In this work, we set up a systematic microscopy approach to follow how antigen, after BCR-mediated internalisation, traffics to the MIIC. In accordance with previous studies, we detected and quantified gradual clustering of antigen vesicles towards the perinuclear region in 30–60 min. However, immediately after internalisation, antigen was already present in heterogenous vesicles that harboured a mixed selection of both early and late endosomal markers. Interestingly, these early compartments in the cell periphery possessed hallmarks of the MIIC and showed degradative capacity. By specific visualisation of membrane-derived MHCII molecules, we found that in these early antigen compartments, MHCII originated largely from the plasma membrane pool, possibly to support fast, first-wave peptide presentation. This study provides the first in-depth imaging of antigen processing pathway in B cells. We found remarkable efficiency in joint targeting of antigen and membrane-derived MHCII into these peripheral compartments with hallmarks of the MIIC, which we name early MIIC (eMIIC). The results increase our understanding of the endolysosomal machinery responsible for MIIC formation and can facilitate future dissections of the regulation of successful antigen presentation.
Antigen migrates into the perinuclear area by 30–60 min after activation
To characterise antigen vesicle trafficking in B cells, we first analyse the migration and clustering of antigen in a quantitative manner. We used cultured A20 B cells expressing transgenic D1.3 IgM (A20 D1.3) and activated them with Alexa Fluor-labelled anti-IgM antibodies (AF-αIgM) as surrogate antigen. The localisation of the antigen vesicles was imaged in cells fixed at different time points and stained for pericentriolar material 1 (PCM1) as a marker for the microtubule-organising centre (MTOC) by spinning disc confocal microscopy (SDCM). We found that, within 30–60 min, most cells gathered antigen in a cluster that typically localised quite centrally in the cell, in the vicinity of the MTOC (Fig. 1A), which is highly consistent with the literature (Aluvihare et al., 1997; Siemasko et al., 1998; Tsui et al., 2018; Vascotto et al., 2007a). The same phenomenon was also detected in splenic primary B cells isolated from an MD4 mouse strain, selected for their relatively high and homogenous levels of IgM. Primary B cells, however, showed faster kinetics, with most cells having already accumulated antigen in central clusters in less than 30 min (Fig. 1B). To quantitatively analyse antigen migration, we deconvolved the images to improve the separation of small vesicles, and then quantified the total number of vesicles per cell and their mean distance to the MTOC with MATLAB-based 3D analysis (Fig. 1C). By showing a reduction in the vesicle number over time, the analysis clearly demonstrated the fusion, or clustering, of vesicles into bigger entities. At the same time, the average distance to the MTOC decreased, depicting migration of the vesicles closer to the MTOC over time (Fig. 1D,E). Although the vesicle number diminished between 30 and 45 min, the mean distance of the vesicles to the MTOC remained constant. This suggested that the majority of the antigen had already been trafficked to the perinuclear region in 30 min, but vesicle fusion events and/or clustering continued at later time points (Fig. 1E). The quantification revealed the overall kinetics of the antigen transition from smaller peripheral vesicles into bigger vesicles or vesicle clusters that accumulate close to the MTOC.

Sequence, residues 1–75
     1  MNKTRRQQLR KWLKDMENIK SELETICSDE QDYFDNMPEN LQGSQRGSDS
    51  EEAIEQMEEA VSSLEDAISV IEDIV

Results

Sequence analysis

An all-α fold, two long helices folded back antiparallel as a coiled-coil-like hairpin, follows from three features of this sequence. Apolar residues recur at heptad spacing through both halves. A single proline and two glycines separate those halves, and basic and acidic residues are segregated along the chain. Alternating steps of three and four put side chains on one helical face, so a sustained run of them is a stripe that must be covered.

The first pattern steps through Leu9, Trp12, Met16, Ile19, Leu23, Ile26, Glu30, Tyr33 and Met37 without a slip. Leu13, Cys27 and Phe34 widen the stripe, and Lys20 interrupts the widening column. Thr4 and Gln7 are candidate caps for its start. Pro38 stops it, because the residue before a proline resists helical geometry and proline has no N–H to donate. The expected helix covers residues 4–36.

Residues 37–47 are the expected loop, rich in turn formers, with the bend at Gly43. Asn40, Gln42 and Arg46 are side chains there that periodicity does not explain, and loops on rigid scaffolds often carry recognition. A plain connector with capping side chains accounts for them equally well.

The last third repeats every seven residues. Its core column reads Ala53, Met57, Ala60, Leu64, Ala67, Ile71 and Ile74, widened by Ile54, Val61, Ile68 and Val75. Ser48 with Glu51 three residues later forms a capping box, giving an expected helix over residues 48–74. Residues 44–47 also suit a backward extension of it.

In order to gain insights into the morphological features of the antigen vesicles, we activated the A20 D1.3 cells with a mixture of AF-αIgM and 6-nm-colloidal gold-conjugated anti-IgM and used transmission electron microscopy (TEM) to visualise antigen-containing membrane structures. We found high heterogeneity in the vesicle morphologies, including multivesicular structures, both after 15 min of activation and after 75 min of activation (Fig. 1F; Fig. S1). As MIICs have earlier been characterised as MVB-like structures (Adler et al., 2017; Lankar et al., 2002; Unanue et al., 2016; Vascotto et al., 2007b), the localisation of antigen into multivesicular structures raised a question as to whether at 15 min after activation, in the cell periphery, antigen processing could have already started. At the 75 min time point, the perinuclear area was, in addition to antigen vesicles, very dense in various other membrane organelles, such as Golgi and mitochondria. Consistent with the literature (Vascotto et al., 2007a), we typically found these vesicle-dense areas at sites of nuclear invaginations (Fig. 1F).
Antigen colocalisation with early and late endosomal Rab proteins
Mechanisms of endolysosomal trafficking in various cellular systems are largely governed by the Rab family of small GTPases, which are commonly used to define sub-populations of vesicles with different functions. To reveal the endolysosomal character of the vesicles transporting antigen, we designed a series of co-localisation analyses with the following classical endosomal markers: Rab5 for EEs, Rab7 and Rab9 for LEs and lysosomes, and Rab11 for REs (note that in mammals, there are more than one isoform of the each of these Rab proteins, e.g. Rab5a, Rab5b and Rab5c for Rab5; however, the antibodies used in the immunofluorescence analysis typically recognize several isoforms of each particular Rab protein). As antigen-bound BCR is known to form clusters at the cell membrane prior to endocytosis, we first examined the proportion of the dot-like antigen features that was internalised at the 10–20 min time points, and thus would be expected to colocalise with vesicular markers. At these early time points most vesicles still remain in the cell periphery and it is not readily apparent if the antigen is internalised or just clustered at the plasma membrane. To distinguish the internalised antigen from the antigen still on the plasma membrane, we stimulated the cells with biotinylated AF-αIgM and stained with fluorescent streptavidin (Fig. S2A). We detected that in 10–20 min, ∼40–50% of the dotted antigen features in the images represented internalised vesicles, while the rest of the signal originates from antigen that still remains at the cell surface. As expected, at later time points (60 min), the majority of the antigen pool was detected inside the cells (Fig. S2B,C). This was also highly consistent with a flow cytometric analysis of antigen internalisation (Fig. S2D). Consistent with these results, we also frequently found non-internalised antigen at the plasma membrane in TEM samples after 15 min of activation (Fig. S1A).